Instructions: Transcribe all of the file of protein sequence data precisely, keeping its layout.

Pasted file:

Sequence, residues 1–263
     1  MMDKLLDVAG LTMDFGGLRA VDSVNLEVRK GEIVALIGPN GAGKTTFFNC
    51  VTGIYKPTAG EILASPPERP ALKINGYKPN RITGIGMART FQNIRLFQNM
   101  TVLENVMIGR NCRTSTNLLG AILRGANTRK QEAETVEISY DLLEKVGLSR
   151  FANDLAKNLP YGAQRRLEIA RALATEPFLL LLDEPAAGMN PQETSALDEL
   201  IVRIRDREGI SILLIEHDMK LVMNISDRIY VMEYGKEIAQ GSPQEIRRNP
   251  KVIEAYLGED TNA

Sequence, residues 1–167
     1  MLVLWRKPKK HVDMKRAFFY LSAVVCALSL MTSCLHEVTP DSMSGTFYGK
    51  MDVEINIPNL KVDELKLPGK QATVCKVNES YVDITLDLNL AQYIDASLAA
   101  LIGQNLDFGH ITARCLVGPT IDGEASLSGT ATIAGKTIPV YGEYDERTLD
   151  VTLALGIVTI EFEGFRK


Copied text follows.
Sequence, residues 1–263
     1  MMDKLLDVAG LTMDFGGLRA VDSVNLEVRK GEIVALIGPN GAGKTTFFNC
    51  VTGIYKPTAG EILASPPERP ALKINGYKPN RITGIGMART FQNIRLFQNM
   101  TVLENVMIGR NCRTSTNLLG AILRGANTRK QEAETVEISY DLLEKVGLSR
   151  FANDLAKNLP YGAQRRLEIA RALATEPFLL LLDEPAAGMN PQETSALDEL
   201  IVRIRDREGI SILLIEHDMK LVMNISDRIY VMEYGKEIAQ GSPQEIRRNP
   251  KVIEAYLGED TNA

Sequence, residues 1–167
     1  MLVLWRKPKK HVDMKRAFFY LSAVVCALSL MTSCLHEVTP DSMSGTFYGK
    51  MDVEINIPNL KVDELKLPGK QATVCKVNES YVDITLDLNL AQYIDASLAA
   101  LIGQNLDFGH ITARCLVGPT IDGEASLSGT ATIAGKTIPV YGEYDERTLD
   151  VTLALGIVTI EFEGFRK